Charlie woke up at 3.45am on Thursday. He did take himself back to bed around 5am after he'd gotten something to eat (i.e., an incredibly early breakfast) and we'd used the computer. But he didn't go back to sleep. By 6.30 he'd had enough of waiting around to get in the white car and a brief neurological storm (real brief) ensued which Jim and I had been semi-anticipating. Charlie knew it was very early but he still has the routine of "time to wake up/get in the car/go to school" implanted solidly in his thinking.
For the past few years, Charlie just could not wake up in the morning. Weekday mornings dwindled into unpleasantness and we schemed about how to wake up Charlie via alarm clocks, turning on the lights in his room, music of different kinds, as our verbal requests that it was "time to wake up" were not only ineffectual, but unpleasantly nagging. Rare was the day when we were able to get Charlie up and out waiting for the bus; our (not intentional) "routine" was for one of us to run out and beg the bus drive rto wait a few more minutes while Charlie was pull himself into a sitting position.
Now with a later start time for school, Charlie is generally ready to go and often with several minutes (at least to spare). (I suspect a change in medication may have had something to do with his once being so groggy in the morning.) A 3.45am wake-up time means that wait is going to be a minimum of 4 hours, if we left at 7.45am (which would result in us getting to the Big Autism Center quite early). With Charlie liking school, he's much more motivated to go, and often has been waking up early in anticipation of going.
So on Thursday morning, Jim and me not making the moves to get into the car may well have seemed to say to Charlie , who is a bit more than prone to "catastrophic thinking," what if I'm not going to school just like I wasn't able to during that endless holiday "vacation." We showed Charlie the time on the clock but that only emphasized to him, there was some great yawning gap of time to get through, prior to driving to school. I have a 9am class three times a week and had to catch a train. Jim got up, found his shoes and coat, and he and Charlie went walking. I loaded up Charlie's book bag and put it in the white car and Jim called to tell me, they were taking the long walk route, the 4 1/2 mile one and could I bring him his gloves?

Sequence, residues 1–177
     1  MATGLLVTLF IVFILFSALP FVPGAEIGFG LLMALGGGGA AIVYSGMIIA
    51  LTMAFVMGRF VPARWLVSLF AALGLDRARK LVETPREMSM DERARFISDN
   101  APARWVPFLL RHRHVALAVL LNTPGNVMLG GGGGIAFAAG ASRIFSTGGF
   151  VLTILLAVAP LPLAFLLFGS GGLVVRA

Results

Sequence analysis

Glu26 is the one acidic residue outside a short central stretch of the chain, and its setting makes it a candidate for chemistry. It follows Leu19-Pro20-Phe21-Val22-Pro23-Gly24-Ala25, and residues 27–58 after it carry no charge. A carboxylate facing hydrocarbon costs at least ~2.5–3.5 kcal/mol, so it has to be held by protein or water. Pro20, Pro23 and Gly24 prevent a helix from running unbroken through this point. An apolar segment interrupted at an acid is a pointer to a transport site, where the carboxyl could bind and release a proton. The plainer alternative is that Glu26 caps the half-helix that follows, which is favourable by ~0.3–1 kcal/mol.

Charlie looked solemnly at me as I drove up and handed over his parka, too. He didn't ask to get in, and he and Jim continued on their way, through suburban Jersey streets and into a vaguely industrial/warehouse area and over the narrow bridge. Charlie was dragging during the last three blocks, Jim told me, and climbed right into the car soon as he saw it.
I envisioned Charlie dozing off at school all day and, too, that it wasn't going to be the greatest of school days, based on this very early, hectic beginning. But Charlie only took a 20 minute rest around noon, his teacher wrote, and had a really good day, including a trip to the supermarket during which he bought some groceries. He was his usual self when I picked him up. Jim met us and Charlie asked for another walk and off they went, except that Jim had to catch a 4.48pm train into Manhattan to speak to some Irish doctors about his book.
I figured, Charlie would most likely want a short walk, he had to be tired. Then Jim called me to say, it's gonna be a long run and could I spell him at X intersection, those Irish doctors at the New York Athletic Club.......
I found them and Jim rushed home and Charlie, blinking a bit, accepted the parental exchange. 3.45am wake-up be darned, he was smiling, a marked contrast to the harrowing half-hour of distressed crying of Tuesday. So much for being tired: Charlie kept breaking into a sprint. (Me seeing some kind of run-racing career blossoming with his every stride.) It was a peaceful easy-feeling walk that gave me plenty of time to plan out the first meeting of one of my classes, on Women in Antiquity.
As Charlie and I were walking towards home, it occurred to me that he was putting in nine miles of walking. Talk about going the distance!
Yes, that's a deliberate reference to the Disney Hercules movie which I had just showed a clip of to my Latin class Thursday morning (along with a discussion of cosmogony and black and red figure pottery----gotta make the most of things). That movie came out when Charlie was a baby, as I remembered on seeing Zeus giving baby Hercules a little Pegasus----my sister had given Charlie a toy baby Pegasus when he was born---and seeing the start of the movie, and young Hercules being derided for not being "normal" because his great strength results in buildings, porticos, the inventory of a pottery store, being smashed to bits, I couldn't help but seeing some parallels.
Meanwhile, Jim was racing to catch the train but couldn't because he was lugging a rolling suitcase of books; he drove the beat-up black car to the corner and started to get out to run for the train but realized he didn't have his de-rigueur-for-the-NY-Athletic-Club-sports-jacket so home again it was and then parking the car in some lot and making a severe rush for the train.
He made it: The family that sticks together, goes the distance together.
And regarding our navigator, Charlie our Gent, and some other maritime matters, Jim's written this.